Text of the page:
Monday, 21 July 2014

18 July 2014 - Hawk Conservancy Trust near Andover, Hampshire.

On Friday 18 July I visited the Hawk Conservancy Trust near Andover with my wife and son, as he was home visiting for a long weekend. We intended to spend all day there and view the three different flying demonstrations - each of which takes place in a different arena.

11:45 demonstration: First bird up was an African Fish Eagle. On previous visits this bird had flown in the second demonstration, but we noticed that the first demo arena had been furnished with a new pool. The pool is an essential part of the demo as the eagle fishes from the pool as part of the demonstration. As this was our first experience of the new pool I was unfamiliar with the run ins etc so missed out on clear fishing pics. All I managed was a couple of flight shots.

The second demonstration featured the Secretary Bird - named after its resemblance to a Victorian secretary, complete with Quill pens(-:). The bird spends a lot of time running round gracefully, like a long legged ballerina and it's party piece is killing and eating snakes (they use a model snake) using its feet to stomp on the snake's head.

Thirdly we were entertained by a Verraux's Eagle Owl, sometimes called the Milky Eagle Owl, because of its milky coloured eyelids. Magnificent to see it gliding effortlessly across the arena.

After the owl, it was time for some of the centre's favourite species - vultures. The centre does a lot to support vultures and to promote them  with the audience. A new feature is the mock up Water Buffalo carcase, in which the staff hide morsels of food and then they fly in a selection of vultures and other birds of prey, with quite a few flying about at the same time - a very impressive sight.
First in were a pair of White Backed Vultures.

Also introduced to the arena at the same time was a Tawny Eagle and we were told that the eagle was not afraid to eat carrion itself, especially if it meant not having to hunt for itself(-:).


A few Hooded Vultures were also introduced to the mix.

The final bird added to this scenario was a Yellow Billed Kite, which had food thrown into the air for it to catch and eat on the wing, which it did effortlessly.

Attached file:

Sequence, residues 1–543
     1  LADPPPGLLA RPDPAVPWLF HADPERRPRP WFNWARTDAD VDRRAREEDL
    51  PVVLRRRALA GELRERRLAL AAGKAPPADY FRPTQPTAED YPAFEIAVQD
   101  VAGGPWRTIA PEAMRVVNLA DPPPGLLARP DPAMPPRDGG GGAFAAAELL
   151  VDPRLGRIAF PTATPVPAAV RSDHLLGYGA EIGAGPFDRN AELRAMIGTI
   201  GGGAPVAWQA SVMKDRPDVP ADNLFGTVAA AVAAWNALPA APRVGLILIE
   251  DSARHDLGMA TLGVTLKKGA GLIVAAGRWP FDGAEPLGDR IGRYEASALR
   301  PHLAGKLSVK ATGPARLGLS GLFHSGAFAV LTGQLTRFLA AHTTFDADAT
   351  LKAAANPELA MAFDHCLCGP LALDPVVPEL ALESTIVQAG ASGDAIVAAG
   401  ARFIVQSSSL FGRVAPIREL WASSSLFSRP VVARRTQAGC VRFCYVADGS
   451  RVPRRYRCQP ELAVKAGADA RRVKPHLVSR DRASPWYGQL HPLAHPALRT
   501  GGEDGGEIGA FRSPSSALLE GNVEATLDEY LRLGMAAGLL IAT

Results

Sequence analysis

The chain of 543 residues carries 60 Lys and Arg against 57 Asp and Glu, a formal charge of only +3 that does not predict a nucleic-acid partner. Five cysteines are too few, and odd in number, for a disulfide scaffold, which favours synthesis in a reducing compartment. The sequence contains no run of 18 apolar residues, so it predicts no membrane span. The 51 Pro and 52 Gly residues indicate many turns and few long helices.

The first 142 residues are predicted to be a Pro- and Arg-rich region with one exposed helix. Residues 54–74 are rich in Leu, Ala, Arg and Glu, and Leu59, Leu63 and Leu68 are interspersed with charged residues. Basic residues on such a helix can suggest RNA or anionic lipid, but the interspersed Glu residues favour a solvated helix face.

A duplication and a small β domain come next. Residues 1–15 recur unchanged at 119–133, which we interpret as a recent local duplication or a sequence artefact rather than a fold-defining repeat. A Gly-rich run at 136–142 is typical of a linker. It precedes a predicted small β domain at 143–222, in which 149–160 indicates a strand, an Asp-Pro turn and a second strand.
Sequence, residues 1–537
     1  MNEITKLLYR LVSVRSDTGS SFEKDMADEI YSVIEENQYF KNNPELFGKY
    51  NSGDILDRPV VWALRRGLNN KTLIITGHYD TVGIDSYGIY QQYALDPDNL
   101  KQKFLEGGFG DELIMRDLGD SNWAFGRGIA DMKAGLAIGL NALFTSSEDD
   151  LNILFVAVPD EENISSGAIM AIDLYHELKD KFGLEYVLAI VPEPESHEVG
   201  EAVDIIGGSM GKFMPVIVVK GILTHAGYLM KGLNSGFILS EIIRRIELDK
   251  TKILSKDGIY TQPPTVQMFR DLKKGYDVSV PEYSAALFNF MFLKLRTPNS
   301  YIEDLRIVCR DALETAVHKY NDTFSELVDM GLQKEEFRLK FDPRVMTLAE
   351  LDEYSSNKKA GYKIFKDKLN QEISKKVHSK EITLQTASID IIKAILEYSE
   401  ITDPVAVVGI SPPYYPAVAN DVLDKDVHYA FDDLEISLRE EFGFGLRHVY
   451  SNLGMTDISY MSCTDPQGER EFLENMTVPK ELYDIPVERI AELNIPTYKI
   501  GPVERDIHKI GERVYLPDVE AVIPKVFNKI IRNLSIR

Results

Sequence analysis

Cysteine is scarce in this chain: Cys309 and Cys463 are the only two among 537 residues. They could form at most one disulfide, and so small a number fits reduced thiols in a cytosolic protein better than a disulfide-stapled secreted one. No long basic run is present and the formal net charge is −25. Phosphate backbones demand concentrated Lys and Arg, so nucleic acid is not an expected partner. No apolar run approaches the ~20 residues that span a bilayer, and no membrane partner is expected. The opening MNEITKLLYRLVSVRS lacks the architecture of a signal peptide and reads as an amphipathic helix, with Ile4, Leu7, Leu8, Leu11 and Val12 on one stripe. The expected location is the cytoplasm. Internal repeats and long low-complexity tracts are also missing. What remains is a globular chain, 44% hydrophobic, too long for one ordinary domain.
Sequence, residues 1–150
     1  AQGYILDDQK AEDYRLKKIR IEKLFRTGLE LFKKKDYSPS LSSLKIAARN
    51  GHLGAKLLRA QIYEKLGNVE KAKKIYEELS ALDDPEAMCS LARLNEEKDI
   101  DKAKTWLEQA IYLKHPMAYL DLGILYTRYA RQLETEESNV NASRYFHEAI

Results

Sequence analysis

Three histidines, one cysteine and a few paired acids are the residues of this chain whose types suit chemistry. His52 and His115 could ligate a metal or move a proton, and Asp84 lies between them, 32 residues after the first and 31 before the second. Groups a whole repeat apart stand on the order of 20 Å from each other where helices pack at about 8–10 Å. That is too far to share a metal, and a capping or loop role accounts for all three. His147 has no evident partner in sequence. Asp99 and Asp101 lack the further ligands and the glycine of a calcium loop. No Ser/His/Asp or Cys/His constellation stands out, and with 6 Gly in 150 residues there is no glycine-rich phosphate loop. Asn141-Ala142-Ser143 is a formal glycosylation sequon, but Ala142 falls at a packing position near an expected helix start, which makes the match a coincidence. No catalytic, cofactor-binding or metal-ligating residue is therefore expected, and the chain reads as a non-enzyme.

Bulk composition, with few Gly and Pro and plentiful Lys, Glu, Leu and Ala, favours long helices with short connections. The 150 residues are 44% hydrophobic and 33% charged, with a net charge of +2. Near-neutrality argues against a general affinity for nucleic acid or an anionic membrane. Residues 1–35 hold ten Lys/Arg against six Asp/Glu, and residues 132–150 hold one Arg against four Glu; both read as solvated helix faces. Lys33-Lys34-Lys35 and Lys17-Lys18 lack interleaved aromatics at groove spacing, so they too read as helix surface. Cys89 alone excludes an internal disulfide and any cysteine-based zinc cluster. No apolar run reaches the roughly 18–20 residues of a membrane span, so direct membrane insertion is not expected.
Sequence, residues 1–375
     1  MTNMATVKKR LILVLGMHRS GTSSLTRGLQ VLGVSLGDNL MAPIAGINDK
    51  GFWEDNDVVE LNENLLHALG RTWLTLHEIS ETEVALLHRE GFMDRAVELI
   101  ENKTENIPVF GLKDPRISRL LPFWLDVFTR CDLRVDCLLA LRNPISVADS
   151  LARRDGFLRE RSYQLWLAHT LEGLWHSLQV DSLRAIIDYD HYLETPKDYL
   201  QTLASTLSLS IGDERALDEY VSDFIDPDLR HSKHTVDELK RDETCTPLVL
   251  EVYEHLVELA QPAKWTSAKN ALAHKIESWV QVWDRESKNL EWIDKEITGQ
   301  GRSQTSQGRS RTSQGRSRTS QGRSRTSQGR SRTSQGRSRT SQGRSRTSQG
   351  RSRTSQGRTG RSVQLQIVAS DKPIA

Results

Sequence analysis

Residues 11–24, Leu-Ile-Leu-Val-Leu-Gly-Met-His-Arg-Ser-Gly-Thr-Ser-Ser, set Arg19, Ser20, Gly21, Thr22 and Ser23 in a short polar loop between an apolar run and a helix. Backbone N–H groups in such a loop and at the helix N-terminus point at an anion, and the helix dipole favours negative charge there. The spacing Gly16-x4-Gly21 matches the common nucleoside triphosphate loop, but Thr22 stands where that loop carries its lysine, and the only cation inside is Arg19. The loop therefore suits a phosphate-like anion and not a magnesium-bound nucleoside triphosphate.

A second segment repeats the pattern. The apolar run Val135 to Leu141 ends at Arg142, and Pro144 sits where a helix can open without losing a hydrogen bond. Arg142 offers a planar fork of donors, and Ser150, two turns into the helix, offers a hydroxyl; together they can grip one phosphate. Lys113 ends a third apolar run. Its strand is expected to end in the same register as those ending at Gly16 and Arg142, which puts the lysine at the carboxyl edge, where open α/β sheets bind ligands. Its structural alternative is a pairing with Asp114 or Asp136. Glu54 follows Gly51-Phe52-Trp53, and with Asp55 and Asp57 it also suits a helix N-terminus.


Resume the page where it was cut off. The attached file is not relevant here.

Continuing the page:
It was very special to see such a variety of species flying at the same time. After the first demonstration was over we went for lunch at the restaurant and then looked round a few of the aviaries before the second demonstration began.

After lunch and it was off to the second arena for the next display.
First out of the box were a pair of beautiful Barn Owls - how nice to photograph them so closely and in such perfect light. Interestingly they are training these Barn Owls to come to squeaks for their food rewards. I think the idea is to somehow try and get them to search for their food in the long grass as they would in the wild - that way people would get to see them diving into the meadow.

The only falcon of the day was flown next - a Lanner Falcon. It was beautiful day and off the Lanner went, gaining height on the thermals. It wents so high that everyone lost sight of it, confused as much by the very distant buzaards and kite, so much so that no one noticed its retturn until it hit the lure that the falconer was gently swinging - it could have a been a super stoop, bu  no one saw it(-:).

Time again for vultures and the Hooded Vultures joined the audience  - literally, as they were encouraged to fly gracefully over our heads.

 Another of the larger vultures, a White Headed vulture, joined the throng, though not encouraged to low fly as much as the others(-:).

Then came the highlight (for me) of this demonstration - over a dozen Black Kites joined us and gave a fantastic aerial display as food was thrown into the air for them to catch and eat on the wing.


 To finish off this display, once the Kites had departed, we were treated to the site of two American Bald Eagles flying in from two miles away - majestic creatures, truly worthy of their iconic status.

Following this their was time for a further exploration of the aviaries and a cup of ea and cake before the last demonstration of the day. As opposed to the other demonstrations which took place in wide open spaces, this one takes place in a small wood and as you would expect consists primarily of woodland raptors, predominantly owls.

First in was a European Eagle Owl. All of the Owls were encouraged to fly over the audience so that you could appreciate the silence and the beauty. 

Then  we had a  flight by a Long Eared Owl, the first time I have seen one flown here.

 This was followed by a Brahminy Kite, which also fished from a small pond in the woodland. Like the other Kites it fed on the wing but flew out of the woodland to feed in open space to avoid crashing into trees while moving food from talon to beak.
 Last of the Oowls was the Great Grey Owl, which is apparently a lot smaller than it looks - being covered with such an abundance of feathers and down to keep it warm in its natural environment. So although it looks bigger than the Eagle Owl, its actually smaller(-:).

 Finally we saw a Crested Caracara, which ran about the forest floor retrieving food items dropped by the owls, hidden by the staff in log piles, under leaves etc.
All in all a brilliant day out, helped by what turned out to be fantastic weather. The majority of the pictures were taken with Canon 7D and a 200mm f2.8 prime lens. The Lanner Falcon shots were taken with the 1.4 extender on, giving a 280mm f4 equivalent, as I had hoped to catch more in flight work around the falconer, but that didn't happen(-:). At times even the 200mm lens was too long, though hopefully I got some nice flight close ups.


  1. Magnificent, Bob! What a wonderful variety of absolutely stunning birds.

  2. Smashing account and pictures of what must have been a memorable day.